How Is Flow Hive Work?
Beekeeping has been around for thousands of years, but in recent years, a new innovation has taken the beekeeping world by storm: the Flow Hive. the Flow Hive is a revolutionary new way of harvesting honey that has gained a significant following among beekeepers around the world. this article will introduce the flow hive design and how is it work today.
Flow Hive Design:
The autoflow hive has a unique design that sets it apart from traditional beehives. Here are some of the design features of the Flow Beehive:
Flow Hive frames: The Flow Hive frames are the key component that makes the system work. The frames are made of food-grade plastic and have a unique design that includes channels within the honeycomb structure. The channels allow the honey to flow out of the hive without disturbing the bees or damaging the hive.
Flow Key: The Flow Key is the tool that is used to open and close the channels in the Flow Hive frames. The Flow Key is inserted into a slot on the side of Flow Hive frames and turned to activate the honey release mechanism.
Honey collection: The honey flows out of the Flow Hive frames and into a collection jar or container that is placed under the hive. The collection jar can be removed and replaced as needed.
Brood box: The brood box is the lower part of the Flow Hive where the queen bee and brood (developing bees) are housed. The brood box is usually made of wood and contains frames that hold the honeycomb cells where the bees store honey and raise their young.
Flow Super: The Flow Super is the upper part of the Flow Hive that contains the Flow Hive frames. The Flow Super sits on top of the brood box and is used for honey storage and harvesting.
Construction: The Flow Hive is typically made of wood, although the Flow Hive frames are made of food-grade plastic. The wooden components are usually made of sustainably sourced Western Red Cedar or other types of hardwood.
Overall, the Flow Hive is designed to be a more convenient and less invasive way of harvesting honey from beehives. Its unique design allows beekeepers to extract honey without disturbing the bees or damaging the hive, which can be beneficial for both the beekeeper and the bees.
How is flow hive work?
The Flow Hive frames are designed to fit into standard Langstroth beehives, which are the most commonly used type of beehive in North America. Each Flow Hive frame consists of a wooden frame that holds a series of plastic honeycomb cells. The cells are arranged in a hexagonal pattern, just like a natural honeycomb.
The Flow Hive is built with honeycombs that are made up of partly formed wax cells. When the bees produce honey, they fill these empty cells with nectar, which is a sugary liquid produced by flowers. The nectar eventually turns into honey as the bees evaporate some of the water content.
Traditionally, beekeepers would need to remove the honeycombs from the hives, cut the wax caps from each cell to release the honey, and then spin the frames in an extractor to remove the honey. This process can be stressful for the bees and time-consuming for the beekeeper.
The Flow Hive, however, uses a unique system of partially formed honeycomb cells that allows beekeepers to easily extract honey from their hives without disrupting or stressing the bees. When the beekeeper wants to harvest honey, they turn a key on the side of the hive, then the honey flows out of the cells and into a tap at the bottom of the hive. The processing activates a series of levers that push on the ends of the honeycomb cells, which causes the cells to split open along the channels in the comb, allowing the honey to flow out and into a collection jar or container. The honey flows out under gravity and does not require any pumping or other external forces. This process of harvesting honey takes less time and is less disruptive to the bees.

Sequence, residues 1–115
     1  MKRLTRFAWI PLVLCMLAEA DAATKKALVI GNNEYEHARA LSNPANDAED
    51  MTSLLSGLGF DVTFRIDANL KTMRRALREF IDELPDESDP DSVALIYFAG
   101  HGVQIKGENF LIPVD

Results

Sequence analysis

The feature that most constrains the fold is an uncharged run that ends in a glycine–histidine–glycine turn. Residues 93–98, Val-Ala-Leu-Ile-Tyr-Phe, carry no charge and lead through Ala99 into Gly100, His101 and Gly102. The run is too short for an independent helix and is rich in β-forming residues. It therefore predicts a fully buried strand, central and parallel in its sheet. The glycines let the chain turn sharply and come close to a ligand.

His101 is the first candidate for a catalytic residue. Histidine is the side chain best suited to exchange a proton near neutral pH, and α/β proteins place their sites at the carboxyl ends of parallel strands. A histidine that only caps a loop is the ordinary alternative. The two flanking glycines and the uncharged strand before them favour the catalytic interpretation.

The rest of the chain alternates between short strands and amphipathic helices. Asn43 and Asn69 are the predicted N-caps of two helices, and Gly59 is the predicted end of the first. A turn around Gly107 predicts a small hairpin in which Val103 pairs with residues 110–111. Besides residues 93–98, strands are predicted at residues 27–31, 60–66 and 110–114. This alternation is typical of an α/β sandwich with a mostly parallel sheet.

To harvest the honey, the beekeeper inserts a special key into the hive and turns it to separate the cells. This action breaks an internal membrane, which creates channels that allow the honey to flow down the cells and out of the hive.
Once the honey has been harvested, the beekeeper can turn the hive upright and the bees will begin to repair the broken cells. The honeycomb cells will then reform and the bees can continue to use them to store honey and raise brood. This system is designed to reduce the stress on the bees and create a more sustainable relationship between the beekeeper and the hive.
One potential benefit of the Flow Hive system is that it allows beekeepers to harvest honey more frequently and in smaller quantities than traditional beekeeping methods. This can reduce the stress on the bees and may lead to healthier hives overall. Additionally, because the Flow Hive frames are made of plastic instead of wax, they can be reused multiple times without needing to be replaced.
However, there are also some potential drawbacks to using the Flow Hive. Some beekeepers have raised concerns that the system may encourage over-harvesting of honey, which can be harmful to the bees. Additionally, the plastic honeycomb cells may not be as durable as natural wax comb and may need to be replaced more frequently. Finally, the Flow Hive system is a little more expensive than traditional beekeeping beehives, which may make it less accessible for some beekeepers.